10 key findings for secondary school teachers from TALIS 2018 – Education Datalab blog

With findings on pay, working hours, job satisfaction and CPD

Continued here:

http://bit.ly/2ISsUPc

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10 key findings for primary school teachers from TALIS 2018 – Education Datalab blog

With findings on pay, working hours, job satisfaction and CPD

Continued here:

http://bit.ly/31H1gNx

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Demography not geography – Education Datalab blog

Why it’s important to look at pupil characteristics when comparing outcomes in different areas

Continued here:

http://bit.ly/2Xmmp08

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Governors and curriculum matters

Governing Matters

On 11th June 2019 governors (Jo Penn, Jane Owen,  Fee Stag and I) attended “Curriculum Thinking: Three Masterclasses which had presentations from Mary Myatt,Tom Sherrington and John Tomsett. I would like to thank Mary, Tom and John for inviting. As we self-fund most of our CPD, this generous invitation was greatly appreciated. I am going to write about what I think will be of interest to governors.

The first presentation was by the wonderful Mary. She started by saying that wrong priorities and focusing on SATs had resulted in a narrow curriculum. I would urge governors to ask questions around the curriculum offer. Are you sure your school is offering broad and balanced curriculum? All children deserve to be taught a rich, broad and balanced curriculum and governors can ensure this by asking questions of our school leaders. As governors are you certain…

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Making a Knowledge Organiser in English Literature: A case study | The Goldfish Bowl

Designing a knowledge organiser is a difficult task and there are multiple decisions that affect their construction. They are complex but the idea behind this post is simple: Here is a Knowledge…

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Why I think the education system is to blame for our pathetic politicians.

teaching personally

It seems to be a rare point of national consensus that our politicians are failing us, even if we disagree on how. It might seem very unfair to criticise people who put themselves forward for the thankless task of trying to keep everyone on-side in a disparate nation of sixty-plus million individuals, but my views on this have changed, and I suspect many other people’s have too.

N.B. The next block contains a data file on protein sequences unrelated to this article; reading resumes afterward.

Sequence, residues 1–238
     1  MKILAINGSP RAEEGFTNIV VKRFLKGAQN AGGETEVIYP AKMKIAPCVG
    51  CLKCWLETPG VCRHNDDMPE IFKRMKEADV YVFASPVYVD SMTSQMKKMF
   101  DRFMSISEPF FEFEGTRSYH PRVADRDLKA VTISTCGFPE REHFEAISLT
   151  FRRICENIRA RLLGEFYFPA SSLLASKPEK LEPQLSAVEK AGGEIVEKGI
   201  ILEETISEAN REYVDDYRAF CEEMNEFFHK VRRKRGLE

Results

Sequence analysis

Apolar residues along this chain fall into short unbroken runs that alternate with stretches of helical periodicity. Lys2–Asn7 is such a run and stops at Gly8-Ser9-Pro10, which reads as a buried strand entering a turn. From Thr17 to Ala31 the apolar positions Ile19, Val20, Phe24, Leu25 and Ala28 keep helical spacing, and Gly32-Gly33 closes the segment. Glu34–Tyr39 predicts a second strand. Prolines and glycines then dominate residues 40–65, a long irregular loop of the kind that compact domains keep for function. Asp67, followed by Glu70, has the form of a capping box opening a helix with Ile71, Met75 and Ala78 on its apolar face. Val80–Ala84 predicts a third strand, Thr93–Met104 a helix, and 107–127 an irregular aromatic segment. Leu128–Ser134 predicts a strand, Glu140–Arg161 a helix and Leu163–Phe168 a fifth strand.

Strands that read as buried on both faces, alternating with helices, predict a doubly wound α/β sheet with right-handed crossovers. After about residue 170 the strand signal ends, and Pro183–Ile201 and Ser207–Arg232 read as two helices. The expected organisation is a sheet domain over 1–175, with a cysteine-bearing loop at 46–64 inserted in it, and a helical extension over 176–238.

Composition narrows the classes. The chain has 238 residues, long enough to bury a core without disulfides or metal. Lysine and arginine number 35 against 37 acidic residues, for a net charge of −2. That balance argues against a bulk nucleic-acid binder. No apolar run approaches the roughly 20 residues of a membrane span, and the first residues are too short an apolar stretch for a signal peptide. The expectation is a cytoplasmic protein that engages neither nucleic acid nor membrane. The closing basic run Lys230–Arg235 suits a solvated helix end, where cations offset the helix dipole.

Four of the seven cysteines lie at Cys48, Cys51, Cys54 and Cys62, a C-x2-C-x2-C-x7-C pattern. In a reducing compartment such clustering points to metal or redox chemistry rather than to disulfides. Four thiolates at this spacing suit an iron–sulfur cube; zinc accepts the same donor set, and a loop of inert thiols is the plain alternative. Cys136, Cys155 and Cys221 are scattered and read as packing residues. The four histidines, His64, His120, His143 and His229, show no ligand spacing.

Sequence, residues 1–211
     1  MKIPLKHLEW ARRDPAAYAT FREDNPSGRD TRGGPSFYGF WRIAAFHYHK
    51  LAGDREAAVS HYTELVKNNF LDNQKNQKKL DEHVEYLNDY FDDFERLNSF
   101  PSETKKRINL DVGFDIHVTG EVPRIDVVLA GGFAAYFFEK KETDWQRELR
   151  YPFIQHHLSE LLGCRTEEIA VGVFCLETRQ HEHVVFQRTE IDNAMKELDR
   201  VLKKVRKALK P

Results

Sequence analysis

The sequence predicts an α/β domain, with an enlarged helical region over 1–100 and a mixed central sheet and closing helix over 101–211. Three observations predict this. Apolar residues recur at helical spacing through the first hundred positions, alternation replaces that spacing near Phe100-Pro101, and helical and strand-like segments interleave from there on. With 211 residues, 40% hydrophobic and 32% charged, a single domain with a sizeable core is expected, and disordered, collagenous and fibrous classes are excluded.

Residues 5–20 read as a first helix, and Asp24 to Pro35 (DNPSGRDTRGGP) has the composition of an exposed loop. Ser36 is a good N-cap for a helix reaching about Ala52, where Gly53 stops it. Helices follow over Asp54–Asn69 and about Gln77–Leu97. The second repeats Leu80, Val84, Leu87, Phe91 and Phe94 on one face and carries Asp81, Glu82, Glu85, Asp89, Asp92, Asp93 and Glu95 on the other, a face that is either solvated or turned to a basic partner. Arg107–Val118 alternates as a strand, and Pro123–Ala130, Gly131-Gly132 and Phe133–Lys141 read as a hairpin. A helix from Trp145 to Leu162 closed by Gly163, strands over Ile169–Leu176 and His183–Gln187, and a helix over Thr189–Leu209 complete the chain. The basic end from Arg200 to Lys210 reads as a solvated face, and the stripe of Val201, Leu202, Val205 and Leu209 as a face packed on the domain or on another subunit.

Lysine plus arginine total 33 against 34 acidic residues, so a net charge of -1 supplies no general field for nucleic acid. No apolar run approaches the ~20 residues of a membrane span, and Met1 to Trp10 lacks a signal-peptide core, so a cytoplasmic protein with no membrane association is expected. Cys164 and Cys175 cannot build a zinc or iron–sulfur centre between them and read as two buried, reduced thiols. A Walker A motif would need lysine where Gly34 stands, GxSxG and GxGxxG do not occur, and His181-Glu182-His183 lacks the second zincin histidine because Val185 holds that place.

In the past, I accepted the notion that those in charge generally had the best interests of the nation at heart, even when I profoundly disagreed with their chosen means of delivering them. I am no longer sure that that is the case: we seem to have a generation of politicians who are too torn between doing their democratic job, and preserving the considerable personal benefits that derive from doing that within the British political system; it should not be a dilemma. That…

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Teacher recruitment and retention matters

Governing Matters

On 8th June 2019 I attended #BrewEdEssex This event was organised by Vic Goddard, Jean Louis Dutaut, Dean Boddington and John Bryant. The theme as teacher recruitment and retention. I’m very grateful to the organisers for letting me speak at this event and talk about the role governors can play in this. My slides from my session are below. I’m also adding a few lines of explanation so the slides make sense to those who weren’t there in person.

Slide 2:

Before we go on to discuss the role governors can play in recruitment and retention, a bit of back ground about who we are and what we do. Exact data isn’t available but there are around 250,000 of us. As we are legally not allowed to be paid, this makes us one of the largest volunteer forces in England.

Slide3:

We have three core functions.

Slide 4:

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